Here's the update I promised in my post on the Dendera Zodiac. If you remember, the zodiac is an ancient Egyptian bas-relief carved onto huge sandstone blocks. It originally formed part of the ceiling of a temple in Dendera, Egypt, but is now on display in the Louvre in Paris.
The design is a representation of the sky. Egyptologist Sylvie Cauville and astrophysicist Eric Aubourg used the positions of the star constellations and planets to date the Zodiac to between 15 June and 15 August in the year 50 BC, during the period between the death of Cleopatra's father, Ptolemy Auletes, in 51 BC, and the establishment of joint rule between Cleopatra and Caesarion (her 5-year-old son by Julius Caesar), in 42 BC.
Two eclipses - the solar eclipse of 7 March 51 and the lunar eclipse of 25 September 52 - are represented on the skyscape in the locations where they would have occurred.
But why would the Egyptians have wanted to commemorate this particular moment? I emailed Cauville and she says her hypothesis is that the total solar eclipse coincided in Alexandria with the death of Cleopatra's father. "She [Cleopatra] may have wanted to inscribe for eternity the passing of power from King-Rê to herself, the female sun."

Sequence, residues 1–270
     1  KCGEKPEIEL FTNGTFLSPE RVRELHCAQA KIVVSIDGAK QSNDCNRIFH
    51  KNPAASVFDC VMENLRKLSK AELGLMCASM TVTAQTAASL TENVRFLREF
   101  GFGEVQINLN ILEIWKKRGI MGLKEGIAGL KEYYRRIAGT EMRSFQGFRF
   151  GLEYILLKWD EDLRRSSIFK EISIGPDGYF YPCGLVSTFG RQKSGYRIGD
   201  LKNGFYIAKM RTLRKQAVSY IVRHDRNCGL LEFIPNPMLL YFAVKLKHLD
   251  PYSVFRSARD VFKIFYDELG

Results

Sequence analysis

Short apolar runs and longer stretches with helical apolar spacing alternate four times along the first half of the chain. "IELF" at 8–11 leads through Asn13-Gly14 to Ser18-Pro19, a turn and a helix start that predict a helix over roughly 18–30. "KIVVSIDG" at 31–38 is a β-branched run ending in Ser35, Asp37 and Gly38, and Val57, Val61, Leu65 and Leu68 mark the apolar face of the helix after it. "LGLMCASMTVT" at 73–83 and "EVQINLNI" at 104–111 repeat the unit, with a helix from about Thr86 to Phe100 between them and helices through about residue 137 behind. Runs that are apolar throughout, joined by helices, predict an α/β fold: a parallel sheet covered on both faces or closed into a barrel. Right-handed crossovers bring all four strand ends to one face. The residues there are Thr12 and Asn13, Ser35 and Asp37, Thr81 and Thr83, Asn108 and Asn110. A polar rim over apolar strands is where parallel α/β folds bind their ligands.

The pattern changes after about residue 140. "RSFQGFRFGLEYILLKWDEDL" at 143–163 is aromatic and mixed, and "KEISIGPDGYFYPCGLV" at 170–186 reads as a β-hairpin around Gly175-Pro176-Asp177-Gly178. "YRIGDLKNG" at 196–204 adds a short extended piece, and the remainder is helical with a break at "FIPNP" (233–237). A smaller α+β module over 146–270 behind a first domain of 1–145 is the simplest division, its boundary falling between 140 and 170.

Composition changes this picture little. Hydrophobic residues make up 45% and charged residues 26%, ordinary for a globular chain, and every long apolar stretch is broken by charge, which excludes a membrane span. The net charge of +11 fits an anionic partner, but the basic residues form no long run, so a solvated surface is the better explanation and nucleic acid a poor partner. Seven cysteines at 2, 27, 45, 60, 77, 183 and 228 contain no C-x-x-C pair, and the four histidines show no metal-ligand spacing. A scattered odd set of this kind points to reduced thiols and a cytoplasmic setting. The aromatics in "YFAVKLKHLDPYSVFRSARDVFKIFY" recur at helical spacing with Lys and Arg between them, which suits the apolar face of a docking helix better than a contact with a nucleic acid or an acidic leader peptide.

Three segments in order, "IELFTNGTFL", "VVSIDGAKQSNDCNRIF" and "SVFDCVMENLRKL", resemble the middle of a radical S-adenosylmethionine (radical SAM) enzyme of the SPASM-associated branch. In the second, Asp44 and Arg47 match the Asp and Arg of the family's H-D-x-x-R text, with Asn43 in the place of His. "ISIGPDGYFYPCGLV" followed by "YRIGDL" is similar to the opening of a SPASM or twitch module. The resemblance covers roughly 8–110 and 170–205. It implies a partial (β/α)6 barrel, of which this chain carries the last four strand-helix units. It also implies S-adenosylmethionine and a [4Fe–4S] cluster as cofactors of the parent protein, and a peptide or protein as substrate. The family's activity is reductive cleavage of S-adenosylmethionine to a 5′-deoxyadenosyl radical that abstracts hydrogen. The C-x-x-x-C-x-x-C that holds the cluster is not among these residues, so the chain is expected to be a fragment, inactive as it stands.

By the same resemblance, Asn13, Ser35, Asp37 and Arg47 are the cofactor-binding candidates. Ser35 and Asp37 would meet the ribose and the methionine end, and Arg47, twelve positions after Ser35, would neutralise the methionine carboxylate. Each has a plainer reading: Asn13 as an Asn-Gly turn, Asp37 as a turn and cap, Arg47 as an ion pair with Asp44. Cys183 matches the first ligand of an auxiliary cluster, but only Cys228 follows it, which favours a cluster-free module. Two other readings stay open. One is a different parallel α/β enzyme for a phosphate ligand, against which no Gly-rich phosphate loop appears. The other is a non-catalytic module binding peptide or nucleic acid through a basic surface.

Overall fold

I'm so glad I asked! Rê is another name for the sun god, Ra, by the way. The pharaohs, including those of Cleopatra's dynasty, often claimed that they were sons and daughters of Ra.
Dendera would have been chosen because the temple there was dedicated to female royalty. (The temple at Edfu, where two similar zodiacs are located, is dedicated to the male royalty.) The Dendera zodiac was on the ceiling of one of the temple's two chapels dedicated to Osiris, the god of eternal return. There's more about all this in Cauville's 1997 book, Le Zodiaque d'Osiris.
"It's a shame that so many fanciful things have been written about the Zodiac," adds Cauville. "The astronomical reality is so much more beautiful." Couldn't agree more.
[Cauville's comments have been translated from French]